As for me, I’m on the couch at Barranco’s Backpackers in Lima. I’ve finally buckled and taken the antibiotics I should have started three days ago, and I finally feel like writing. None of the decisions are resolved, but sometimes an enough is enough attitude can force the fingers to figure it out. When Charlie and Meg fly out tonight, I’ll be the only thing left behind. Oh wait, sorry, I meant me and the WIND TURBINE we built!

We got it running as the sun set on Tuesday.

Yep, we constructed the parts, put it all together, and made a giant pinwheel. Luckily, our giant pinwheel also generates electricity for a town that has none. A community center and school will get power from the turbine, and the community will be able to charge it’s batteries underneath our electrical set up as well. It took a week of sleeping on the cold stone floor of a classroom 11,000 feet up in the air, but we did it, and we did it ourselves. It’s a pretty cool thing to create anything with your hands, especially something as useful and complicated as the turbine. With pictures and stories, I’ll bring you up to the tiny town of La Florida, Peru to see how a tiny village of 1400 people way up in the mountains with no education are living more responsibly than most of the world!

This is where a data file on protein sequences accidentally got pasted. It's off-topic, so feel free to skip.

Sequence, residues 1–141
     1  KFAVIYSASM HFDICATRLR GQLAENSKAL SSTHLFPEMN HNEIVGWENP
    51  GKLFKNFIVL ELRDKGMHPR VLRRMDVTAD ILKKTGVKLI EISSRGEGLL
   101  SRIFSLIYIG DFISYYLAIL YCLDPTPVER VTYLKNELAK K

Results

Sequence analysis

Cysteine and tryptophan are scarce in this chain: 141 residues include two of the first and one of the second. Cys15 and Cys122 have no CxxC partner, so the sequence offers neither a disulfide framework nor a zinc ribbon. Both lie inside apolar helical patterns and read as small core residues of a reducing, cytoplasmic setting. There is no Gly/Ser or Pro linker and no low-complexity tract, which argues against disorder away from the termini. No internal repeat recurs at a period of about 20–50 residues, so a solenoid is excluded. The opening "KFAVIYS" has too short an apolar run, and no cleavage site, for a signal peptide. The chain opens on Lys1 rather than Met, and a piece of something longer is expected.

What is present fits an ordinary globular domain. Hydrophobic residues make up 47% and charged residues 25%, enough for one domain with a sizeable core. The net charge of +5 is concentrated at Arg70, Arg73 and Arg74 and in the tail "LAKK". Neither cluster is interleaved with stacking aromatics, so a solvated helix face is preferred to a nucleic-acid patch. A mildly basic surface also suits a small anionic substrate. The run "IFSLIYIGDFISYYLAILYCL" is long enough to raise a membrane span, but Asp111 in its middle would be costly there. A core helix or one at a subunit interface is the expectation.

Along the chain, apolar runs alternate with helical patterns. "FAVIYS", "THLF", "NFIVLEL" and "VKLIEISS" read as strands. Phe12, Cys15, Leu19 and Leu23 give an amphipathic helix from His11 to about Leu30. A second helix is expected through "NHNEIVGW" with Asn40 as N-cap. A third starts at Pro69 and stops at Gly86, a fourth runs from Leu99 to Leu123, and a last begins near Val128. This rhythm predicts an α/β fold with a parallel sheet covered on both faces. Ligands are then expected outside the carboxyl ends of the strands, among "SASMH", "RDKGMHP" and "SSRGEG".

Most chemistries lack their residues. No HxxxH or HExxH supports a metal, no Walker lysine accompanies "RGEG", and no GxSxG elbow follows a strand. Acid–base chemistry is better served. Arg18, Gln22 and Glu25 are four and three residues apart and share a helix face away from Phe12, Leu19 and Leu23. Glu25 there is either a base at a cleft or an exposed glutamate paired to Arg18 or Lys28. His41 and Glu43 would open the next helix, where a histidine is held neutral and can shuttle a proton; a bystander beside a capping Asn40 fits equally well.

A Little bit about La Florida

When I lived in Glacier for a few days, I fell in love with the mountains, so traveling deep into the Andes and living surrounded by deep valleys and tall peaks is a lifestyle that made me quite happy. In Peru, it merits a little more than a sleeping bag though, so I bought a alpaca fur poncho (not for rain) to keep out the cold. At 6 feet 3 inches, I’m so large by Peruvian standards, that it doubles as a full size blanket. As for food, it was soup or starve I am afraid, so just a few weeks after pledging off “sopa” forever, I found myself breaking my promise. Luckily, plenty of potatoes helped out.

The men of La Florida, for the most part, work in the nearby San Simon gold mine. The women farm potatoes, basically the only thing growing at that altitude. During the day, the sun comes out and heats you up. At night, the temperature drops near freezing. The kids arrive around 8 am, and leave to return to the farm around 1. They wear a mix of school uniform, Peruvian countryside fashion, and designer clothes?… and range in age from 6 to 16 or so.

Ryan pairs up the volunteers and kids. Robert, my kid, was literally brilliant. He was able to watch me do something and mimic it nearly perfectly.

When we aren’t assembling the turbine, tying off the cords, testing the blades, or sleeping, we play with the kids or relax in the sun. The first day I burned my lips, making sleep hard and eating harder. I was the odd combination of Peruvian, cowboy, and cashmere. During the day, hat, boots, and belt from Nashville teamed up with Vietnamese cashmere and knockoff Ray-ban’s. At night and in the early mornings, llama fur covered up the cashmere and the very low humidity lengthened my usually wavy hair to strike a strange resemblance to the late door’s frontman Jim Morrison.